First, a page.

McAfee Inside?

Undoubtedly you’ve heard by now that Intel has a bid on the table to buy McAfee (for $7.7B). ¬†We’ve written before about the collaboration that’s been going on between the two companies for almost two years now, which we suspect is a leveraging of features at both ends of the stack to improve security of data processing devices. ¬†Indeed the two companies share a vision of combined secure hardware and software to protect the full spectrum of Internet connected devices.

So what does this mean for us chickens? ¬†Well, there’s quite a variety of opinion in the industry so far. ¬†The official company line(s) are of course that this will lead to technology that improves security for network connected devices of all types (something we certainly can benefit from), and of course that there is a great opportunity for more sales of security software if every new CPU is seen as an opportunity for that. ¬†However, there is a good bit of open endedness around this. ¬†We’ll at least give you our opinions.

Data Privacy in the Cloud

We’ve just wrapped up day-one of this year’s Cloud Expo at the Javits Convention Center in New York City.¬† You know, it’s been nearly a year since I attended Cloud World in San Francisco, and over that period of time it surprises me how little new anyone is saying about cloud computing.¬† It borders on raining sophistry here at the cloud show, and definitions (and redefinitions) of IaaS, Paas, and SaaS are still being drilled into attendee’s heads.¬† Maybe the abundance of attendance is to be attributed to the possibility that the IT community is still sorting out architectural rationalization of cloud computing, but in my humble opinion it’s high time to move on to meatier food for thought.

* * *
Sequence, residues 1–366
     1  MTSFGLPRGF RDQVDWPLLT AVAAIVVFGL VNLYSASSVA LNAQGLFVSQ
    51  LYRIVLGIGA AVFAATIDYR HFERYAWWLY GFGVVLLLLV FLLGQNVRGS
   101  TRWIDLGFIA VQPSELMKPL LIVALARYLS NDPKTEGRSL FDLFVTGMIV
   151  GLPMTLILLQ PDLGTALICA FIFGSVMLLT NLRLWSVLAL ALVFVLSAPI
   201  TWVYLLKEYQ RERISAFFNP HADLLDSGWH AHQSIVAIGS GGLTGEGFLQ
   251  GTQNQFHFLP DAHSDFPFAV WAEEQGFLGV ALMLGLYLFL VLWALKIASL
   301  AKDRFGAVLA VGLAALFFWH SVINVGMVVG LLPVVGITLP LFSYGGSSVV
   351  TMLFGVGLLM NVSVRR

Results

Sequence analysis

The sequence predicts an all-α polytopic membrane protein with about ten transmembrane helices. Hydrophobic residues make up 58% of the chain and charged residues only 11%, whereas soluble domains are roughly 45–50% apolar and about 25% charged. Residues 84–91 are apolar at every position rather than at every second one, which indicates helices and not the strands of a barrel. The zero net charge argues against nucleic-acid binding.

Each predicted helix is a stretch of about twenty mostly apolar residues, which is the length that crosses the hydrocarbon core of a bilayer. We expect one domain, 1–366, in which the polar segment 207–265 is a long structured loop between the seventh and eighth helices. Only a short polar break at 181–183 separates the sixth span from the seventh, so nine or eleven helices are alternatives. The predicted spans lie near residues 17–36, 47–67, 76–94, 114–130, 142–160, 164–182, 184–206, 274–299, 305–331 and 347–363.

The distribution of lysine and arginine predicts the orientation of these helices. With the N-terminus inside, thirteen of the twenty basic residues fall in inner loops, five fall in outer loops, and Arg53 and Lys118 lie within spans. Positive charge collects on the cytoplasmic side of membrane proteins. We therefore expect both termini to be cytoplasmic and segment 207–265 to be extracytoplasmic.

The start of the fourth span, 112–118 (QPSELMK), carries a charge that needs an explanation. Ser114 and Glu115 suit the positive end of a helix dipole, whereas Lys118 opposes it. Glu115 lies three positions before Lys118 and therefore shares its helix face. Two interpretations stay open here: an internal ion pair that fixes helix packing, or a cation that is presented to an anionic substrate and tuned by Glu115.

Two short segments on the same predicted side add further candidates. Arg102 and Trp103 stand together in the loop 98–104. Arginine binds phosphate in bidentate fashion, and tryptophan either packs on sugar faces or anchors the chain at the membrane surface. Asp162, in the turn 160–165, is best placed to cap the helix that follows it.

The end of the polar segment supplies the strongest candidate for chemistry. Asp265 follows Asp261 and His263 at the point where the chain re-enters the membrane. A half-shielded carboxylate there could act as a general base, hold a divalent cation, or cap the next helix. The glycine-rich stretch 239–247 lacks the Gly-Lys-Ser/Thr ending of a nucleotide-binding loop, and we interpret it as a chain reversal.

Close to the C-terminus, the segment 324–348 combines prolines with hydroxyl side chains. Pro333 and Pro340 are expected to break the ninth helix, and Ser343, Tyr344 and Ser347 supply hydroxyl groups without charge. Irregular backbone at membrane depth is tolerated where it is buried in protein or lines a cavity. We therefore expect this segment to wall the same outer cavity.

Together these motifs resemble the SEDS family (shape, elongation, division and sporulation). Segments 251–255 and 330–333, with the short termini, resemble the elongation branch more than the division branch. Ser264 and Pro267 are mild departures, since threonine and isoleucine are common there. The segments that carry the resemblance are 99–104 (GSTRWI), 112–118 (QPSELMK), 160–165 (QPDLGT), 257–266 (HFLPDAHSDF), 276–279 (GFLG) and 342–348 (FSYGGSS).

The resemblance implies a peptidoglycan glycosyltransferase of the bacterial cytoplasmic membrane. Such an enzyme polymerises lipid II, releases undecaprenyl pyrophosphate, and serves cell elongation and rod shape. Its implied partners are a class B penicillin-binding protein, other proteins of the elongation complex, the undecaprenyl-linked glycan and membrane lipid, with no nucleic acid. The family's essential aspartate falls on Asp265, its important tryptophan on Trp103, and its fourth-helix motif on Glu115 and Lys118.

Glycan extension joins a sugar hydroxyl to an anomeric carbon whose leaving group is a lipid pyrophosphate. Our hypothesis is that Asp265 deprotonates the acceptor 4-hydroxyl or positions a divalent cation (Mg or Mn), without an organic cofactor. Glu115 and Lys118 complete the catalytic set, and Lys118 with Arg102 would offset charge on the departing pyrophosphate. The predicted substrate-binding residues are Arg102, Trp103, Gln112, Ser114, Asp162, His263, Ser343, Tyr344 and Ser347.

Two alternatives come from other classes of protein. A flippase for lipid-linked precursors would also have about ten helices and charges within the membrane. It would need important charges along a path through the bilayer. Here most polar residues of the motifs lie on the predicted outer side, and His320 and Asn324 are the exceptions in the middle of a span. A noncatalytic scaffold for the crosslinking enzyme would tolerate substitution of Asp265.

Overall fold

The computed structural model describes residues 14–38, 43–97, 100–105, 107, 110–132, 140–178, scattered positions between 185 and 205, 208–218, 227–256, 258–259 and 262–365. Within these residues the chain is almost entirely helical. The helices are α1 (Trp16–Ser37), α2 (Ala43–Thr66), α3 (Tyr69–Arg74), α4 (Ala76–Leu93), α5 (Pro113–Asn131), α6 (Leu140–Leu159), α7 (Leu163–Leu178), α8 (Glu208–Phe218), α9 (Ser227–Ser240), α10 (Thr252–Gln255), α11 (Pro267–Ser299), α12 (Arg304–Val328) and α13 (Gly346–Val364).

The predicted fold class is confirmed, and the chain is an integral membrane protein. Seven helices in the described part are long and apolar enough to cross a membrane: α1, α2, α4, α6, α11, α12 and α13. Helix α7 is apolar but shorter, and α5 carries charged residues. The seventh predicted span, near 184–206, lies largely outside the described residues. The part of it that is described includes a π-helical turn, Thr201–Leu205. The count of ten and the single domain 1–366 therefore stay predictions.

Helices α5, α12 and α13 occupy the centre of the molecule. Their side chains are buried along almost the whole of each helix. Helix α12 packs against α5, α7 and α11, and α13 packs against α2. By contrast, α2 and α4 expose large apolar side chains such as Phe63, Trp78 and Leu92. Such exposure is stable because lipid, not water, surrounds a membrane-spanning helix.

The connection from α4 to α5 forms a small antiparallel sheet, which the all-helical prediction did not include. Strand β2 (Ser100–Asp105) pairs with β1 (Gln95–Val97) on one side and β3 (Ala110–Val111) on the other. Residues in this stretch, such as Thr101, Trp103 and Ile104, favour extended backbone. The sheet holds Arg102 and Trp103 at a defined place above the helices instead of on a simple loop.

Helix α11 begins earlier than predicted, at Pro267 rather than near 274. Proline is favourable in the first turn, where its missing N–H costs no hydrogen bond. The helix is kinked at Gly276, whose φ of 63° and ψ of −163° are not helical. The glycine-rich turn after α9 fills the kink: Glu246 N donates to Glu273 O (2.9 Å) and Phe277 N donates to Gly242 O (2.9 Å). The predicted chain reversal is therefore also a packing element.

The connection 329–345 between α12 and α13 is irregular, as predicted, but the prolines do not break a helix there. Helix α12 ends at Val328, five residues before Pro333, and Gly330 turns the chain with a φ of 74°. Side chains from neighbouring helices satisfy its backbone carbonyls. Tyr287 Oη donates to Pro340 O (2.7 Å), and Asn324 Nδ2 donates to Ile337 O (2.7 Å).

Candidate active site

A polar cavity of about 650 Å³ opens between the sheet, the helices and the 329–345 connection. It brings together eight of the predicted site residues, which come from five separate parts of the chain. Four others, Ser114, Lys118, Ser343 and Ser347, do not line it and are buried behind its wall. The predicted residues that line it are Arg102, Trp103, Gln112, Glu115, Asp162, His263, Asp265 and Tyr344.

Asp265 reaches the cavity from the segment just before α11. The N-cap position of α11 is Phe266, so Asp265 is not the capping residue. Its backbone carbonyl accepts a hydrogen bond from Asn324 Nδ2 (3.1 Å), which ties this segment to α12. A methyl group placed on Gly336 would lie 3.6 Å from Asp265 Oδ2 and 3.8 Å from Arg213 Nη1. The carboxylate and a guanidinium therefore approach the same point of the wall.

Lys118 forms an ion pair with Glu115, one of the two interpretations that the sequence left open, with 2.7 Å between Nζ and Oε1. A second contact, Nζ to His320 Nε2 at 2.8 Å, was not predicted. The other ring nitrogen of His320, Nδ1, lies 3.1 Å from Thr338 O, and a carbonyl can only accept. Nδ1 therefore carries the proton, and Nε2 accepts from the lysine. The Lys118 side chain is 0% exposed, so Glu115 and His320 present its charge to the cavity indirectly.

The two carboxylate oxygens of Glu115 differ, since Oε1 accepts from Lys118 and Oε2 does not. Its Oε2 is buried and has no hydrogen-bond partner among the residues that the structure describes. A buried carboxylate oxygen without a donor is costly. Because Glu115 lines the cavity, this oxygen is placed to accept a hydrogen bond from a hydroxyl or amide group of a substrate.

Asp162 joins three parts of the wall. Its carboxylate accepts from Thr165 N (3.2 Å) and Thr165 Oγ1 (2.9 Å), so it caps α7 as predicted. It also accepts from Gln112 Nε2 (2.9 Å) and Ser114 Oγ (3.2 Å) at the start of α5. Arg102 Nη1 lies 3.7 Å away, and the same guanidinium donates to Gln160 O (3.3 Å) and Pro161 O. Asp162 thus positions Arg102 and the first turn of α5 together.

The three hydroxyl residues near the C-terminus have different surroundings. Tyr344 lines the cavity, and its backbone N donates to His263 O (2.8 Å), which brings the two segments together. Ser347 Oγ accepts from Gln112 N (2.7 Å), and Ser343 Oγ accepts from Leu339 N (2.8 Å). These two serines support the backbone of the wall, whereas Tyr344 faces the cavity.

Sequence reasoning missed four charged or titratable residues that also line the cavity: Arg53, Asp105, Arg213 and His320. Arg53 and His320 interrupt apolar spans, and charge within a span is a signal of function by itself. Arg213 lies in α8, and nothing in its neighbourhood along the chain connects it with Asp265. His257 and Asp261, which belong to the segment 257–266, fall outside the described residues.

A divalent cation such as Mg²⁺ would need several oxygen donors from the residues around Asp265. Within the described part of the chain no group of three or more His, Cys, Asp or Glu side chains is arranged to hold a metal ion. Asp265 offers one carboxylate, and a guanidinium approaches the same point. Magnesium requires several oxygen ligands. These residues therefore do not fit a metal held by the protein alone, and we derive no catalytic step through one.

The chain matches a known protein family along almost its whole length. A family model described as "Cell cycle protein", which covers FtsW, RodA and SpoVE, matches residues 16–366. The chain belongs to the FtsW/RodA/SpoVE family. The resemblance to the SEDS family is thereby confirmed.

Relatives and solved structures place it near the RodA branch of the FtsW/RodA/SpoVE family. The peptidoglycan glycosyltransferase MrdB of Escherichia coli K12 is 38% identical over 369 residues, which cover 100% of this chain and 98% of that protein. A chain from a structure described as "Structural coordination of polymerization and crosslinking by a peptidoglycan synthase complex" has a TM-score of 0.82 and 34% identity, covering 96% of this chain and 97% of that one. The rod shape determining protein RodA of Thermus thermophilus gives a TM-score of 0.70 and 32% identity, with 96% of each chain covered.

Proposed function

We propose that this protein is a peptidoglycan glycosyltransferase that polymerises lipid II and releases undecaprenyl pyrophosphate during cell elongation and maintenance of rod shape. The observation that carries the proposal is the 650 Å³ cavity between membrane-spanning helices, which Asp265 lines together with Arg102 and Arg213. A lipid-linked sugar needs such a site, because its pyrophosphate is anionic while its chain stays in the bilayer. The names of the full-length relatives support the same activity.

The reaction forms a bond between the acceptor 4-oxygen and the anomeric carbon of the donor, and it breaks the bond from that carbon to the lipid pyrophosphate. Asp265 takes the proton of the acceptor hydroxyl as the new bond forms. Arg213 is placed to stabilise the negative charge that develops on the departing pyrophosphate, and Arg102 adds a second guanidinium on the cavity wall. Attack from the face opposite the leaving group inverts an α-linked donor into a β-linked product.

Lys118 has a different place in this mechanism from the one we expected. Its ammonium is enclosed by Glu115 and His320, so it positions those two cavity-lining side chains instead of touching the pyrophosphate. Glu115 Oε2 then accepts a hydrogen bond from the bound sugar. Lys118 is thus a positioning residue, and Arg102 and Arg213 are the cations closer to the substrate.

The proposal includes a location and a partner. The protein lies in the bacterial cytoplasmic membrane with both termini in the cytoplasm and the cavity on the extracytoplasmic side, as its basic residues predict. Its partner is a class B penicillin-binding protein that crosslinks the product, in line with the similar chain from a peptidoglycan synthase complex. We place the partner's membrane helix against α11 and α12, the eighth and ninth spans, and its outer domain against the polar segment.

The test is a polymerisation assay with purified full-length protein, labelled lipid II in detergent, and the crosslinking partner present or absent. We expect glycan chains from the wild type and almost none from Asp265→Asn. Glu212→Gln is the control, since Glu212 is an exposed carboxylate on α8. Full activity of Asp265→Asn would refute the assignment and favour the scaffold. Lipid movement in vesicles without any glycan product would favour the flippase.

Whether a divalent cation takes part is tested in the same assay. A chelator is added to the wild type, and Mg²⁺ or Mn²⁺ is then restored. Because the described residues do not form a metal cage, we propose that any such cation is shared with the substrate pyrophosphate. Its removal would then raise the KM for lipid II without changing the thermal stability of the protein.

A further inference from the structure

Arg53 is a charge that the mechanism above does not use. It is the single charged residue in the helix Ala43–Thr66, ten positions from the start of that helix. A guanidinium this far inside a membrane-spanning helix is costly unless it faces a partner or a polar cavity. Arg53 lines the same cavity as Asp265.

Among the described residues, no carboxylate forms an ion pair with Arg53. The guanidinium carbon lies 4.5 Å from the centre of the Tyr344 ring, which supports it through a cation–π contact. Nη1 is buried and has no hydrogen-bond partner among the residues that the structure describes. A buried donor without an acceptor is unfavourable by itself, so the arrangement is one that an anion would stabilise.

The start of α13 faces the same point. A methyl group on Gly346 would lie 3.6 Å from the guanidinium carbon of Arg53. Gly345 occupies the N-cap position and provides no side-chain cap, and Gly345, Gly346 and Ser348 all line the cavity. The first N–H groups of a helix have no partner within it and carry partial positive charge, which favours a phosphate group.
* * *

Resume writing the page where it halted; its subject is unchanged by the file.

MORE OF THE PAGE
It is notable to observe the number of businesses emerging to capitalize on the nuts and bolts issues that arise when an enterprise takes those first steps into a formal cloud computing scenario.¬† In that regard, one of the few “wow, now that’s cool” moments for me in the conference so far was an introduction to a company called Perspecsys.

Cybercrime increasing on Facebook

There’s a piece by Jim Finkle in Reuters this morning about the rise in cybercrime in social networking sites.¬† The article mentions that MySpace had been plagued by this for several years, but now with the increasing popularity of Facebook, the criminals are going where the game is.

Per the article, “Facebook is the social network du jour. Attackers go where the people go. Always,” said Mary Landesman, a senior researcher at Web security company ScanSafe.

 

Scammers break into accounts posing as friends of users, sending spam that directs them to websites that steal personal information and spread viruses. Hackers tend to take control of infected PCs for identity theft, spamming and other mischief.